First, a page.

Avant-Garde Art Collection to Be Split Among All 50 States

"Untitled (Head Study)," a 1982 ceramic sculpture by Michael Lucero, is among the works in the Vogels' extensive collection. (National Gallery Of Art)
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By Jacqueline Trescott
Washington Post Staff Writer
Friday, April 11, 2008

Dorothy and Herbert Vogel, collectors of minimal and conceptual art from the last 45 years, have decided to distribute 2,500 works from their collection throughout the 50 states.

The national gift program, called "The Dorothy and Herbert Vogel Collection: Fifty Works for Fifty States," will be chiefly coordinated by the National Gallery of Art, which announces the initiative today.

The Vogels, New Yorkers of modest means and avant-garde tastes, assembled about 4,000 works, representing 170 artists. The couple sought advice about their holdings from the National Gallery in the early 1990s, principally because they went to the gallery on their honeymoon in 1961. The museum holds 832 works from the Vogel collection and has been promised 268 others.

In their apartment gallery, the Vogels have works by Sol LeWitt, Pat Steir, Dan Graham, Richard Tuttle, Wil Barnet, Lynda Benglis, Robert Barry, Emile Renouf, Robert Mangold, Sylvia Plimack Mangold and Christo and Jeanne-Claude. "It really touches upon most of the currents happening and starting in the 1960s and 1970s," said Ruth Fine, the gallery's curator of special projects in modern art. The holdings include drawings, paintings and sculpture.

Because no one museum could display more than a small part of the collection, the works will eventually be given to galleries in all 50 states. Beginning this spring, works from the Vogel collection -- mostly works on paper -- will go to 10 museums in 10 states, including the Museum of Contemporary Art in Los Angeles, the Speed Art Museum in Louisville, the New Orleans Museum of Art and the Montclair Art Museum in New Jersey.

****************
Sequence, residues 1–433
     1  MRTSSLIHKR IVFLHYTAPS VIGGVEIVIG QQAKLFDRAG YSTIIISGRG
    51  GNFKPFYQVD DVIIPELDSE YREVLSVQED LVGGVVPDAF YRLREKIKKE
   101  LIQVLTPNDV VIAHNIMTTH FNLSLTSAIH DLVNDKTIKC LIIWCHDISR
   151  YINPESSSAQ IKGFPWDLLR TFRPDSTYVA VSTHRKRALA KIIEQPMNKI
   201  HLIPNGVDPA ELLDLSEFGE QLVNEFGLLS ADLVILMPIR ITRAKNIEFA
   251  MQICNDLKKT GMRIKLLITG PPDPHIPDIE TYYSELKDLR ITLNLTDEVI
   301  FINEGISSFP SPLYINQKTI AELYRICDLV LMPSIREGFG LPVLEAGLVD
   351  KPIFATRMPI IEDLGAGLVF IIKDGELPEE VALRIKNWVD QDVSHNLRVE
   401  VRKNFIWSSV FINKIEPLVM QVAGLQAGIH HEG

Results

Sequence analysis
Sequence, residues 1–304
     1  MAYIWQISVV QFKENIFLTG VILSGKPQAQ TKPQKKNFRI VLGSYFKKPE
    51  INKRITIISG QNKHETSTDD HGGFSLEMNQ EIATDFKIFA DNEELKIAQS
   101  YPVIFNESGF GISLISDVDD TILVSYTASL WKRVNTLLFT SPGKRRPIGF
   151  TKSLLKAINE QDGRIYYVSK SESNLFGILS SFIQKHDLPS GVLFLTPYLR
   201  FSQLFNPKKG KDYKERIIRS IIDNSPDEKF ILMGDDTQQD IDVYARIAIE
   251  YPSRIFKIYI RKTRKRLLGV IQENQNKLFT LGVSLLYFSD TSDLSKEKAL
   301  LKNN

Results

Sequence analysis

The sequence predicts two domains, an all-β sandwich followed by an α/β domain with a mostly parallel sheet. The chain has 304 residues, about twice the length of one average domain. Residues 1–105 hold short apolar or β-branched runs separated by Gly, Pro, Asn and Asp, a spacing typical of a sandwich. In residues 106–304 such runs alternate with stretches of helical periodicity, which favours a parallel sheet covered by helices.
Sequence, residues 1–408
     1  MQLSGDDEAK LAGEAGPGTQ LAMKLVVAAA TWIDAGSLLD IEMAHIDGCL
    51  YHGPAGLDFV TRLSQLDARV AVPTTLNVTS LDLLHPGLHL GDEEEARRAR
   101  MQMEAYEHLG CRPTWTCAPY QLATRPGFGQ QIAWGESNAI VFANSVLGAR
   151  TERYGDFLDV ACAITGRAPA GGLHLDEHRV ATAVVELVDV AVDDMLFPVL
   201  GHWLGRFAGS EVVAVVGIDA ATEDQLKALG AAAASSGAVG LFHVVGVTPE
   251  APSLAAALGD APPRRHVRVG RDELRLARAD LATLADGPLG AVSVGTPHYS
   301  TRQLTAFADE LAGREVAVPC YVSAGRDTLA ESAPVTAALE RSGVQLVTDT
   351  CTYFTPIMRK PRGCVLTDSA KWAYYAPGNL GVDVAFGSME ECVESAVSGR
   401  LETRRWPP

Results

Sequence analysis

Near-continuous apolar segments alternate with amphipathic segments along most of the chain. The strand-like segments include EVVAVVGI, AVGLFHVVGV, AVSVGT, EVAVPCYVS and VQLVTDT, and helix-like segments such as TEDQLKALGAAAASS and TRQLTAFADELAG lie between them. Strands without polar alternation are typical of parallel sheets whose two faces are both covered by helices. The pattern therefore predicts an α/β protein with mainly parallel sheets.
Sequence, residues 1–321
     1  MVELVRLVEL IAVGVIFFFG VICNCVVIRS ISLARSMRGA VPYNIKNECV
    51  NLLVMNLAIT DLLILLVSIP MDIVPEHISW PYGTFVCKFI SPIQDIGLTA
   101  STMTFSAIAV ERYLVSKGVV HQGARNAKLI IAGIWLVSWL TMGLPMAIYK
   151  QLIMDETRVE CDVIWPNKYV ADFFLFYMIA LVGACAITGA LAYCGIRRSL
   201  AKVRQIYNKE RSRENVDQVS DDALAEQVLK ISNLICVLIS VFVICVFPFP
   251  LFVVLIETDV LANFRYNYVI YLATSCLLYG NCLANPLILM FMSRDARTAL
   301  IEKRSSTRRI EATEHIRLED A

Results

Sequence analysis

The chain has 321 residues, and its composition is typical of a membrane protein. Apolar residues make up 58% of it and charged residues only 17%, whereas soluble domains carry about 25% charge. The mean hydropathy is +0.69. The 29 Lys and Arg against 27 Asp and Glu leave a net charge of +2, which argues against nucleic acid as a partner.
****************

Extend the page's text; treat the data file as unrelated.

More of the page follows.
Dorothy Vogel, 72, agreed she wanted the work to have the national exposure and didn't see the plan as breaking up her legacy.

"It is still the Vogel collection, now in 50 places and I don't see it as broken up," she said in a telephone interview.

Vogel, a former reference librarian at the Brooklyn Public Library, and her husband, now 85 and retired from the Postal Service, started collecting by putting aside Herbert Vogel's salary for art purchases. They had an eye for what was new and in 1962 purchased a car-crash sculpture by John Chamberlain. "It was quite an exciting experience, going to the openings, meeting the artists, having people come over. We did it because we loved it," said Dorothy Vogel.

The ambitious project will also be the subject of a book, published by the National Endowment for the Arts.

Pat Steir, the award-winning abstract artist, met the Vogels in the early 1970s at Sol LeWitt's studio, and she remembers an encouragement and excitement that didn't change over the years. "At that point they were collecting drawings. They bought one of mine on a payment plan, $10 a month for many months and always on time," said Steir. "Herbert Vogel is a great appreciator and a born collector. For them it became much more than a hobby, it is a profession. It is extraordinary they could see so well."


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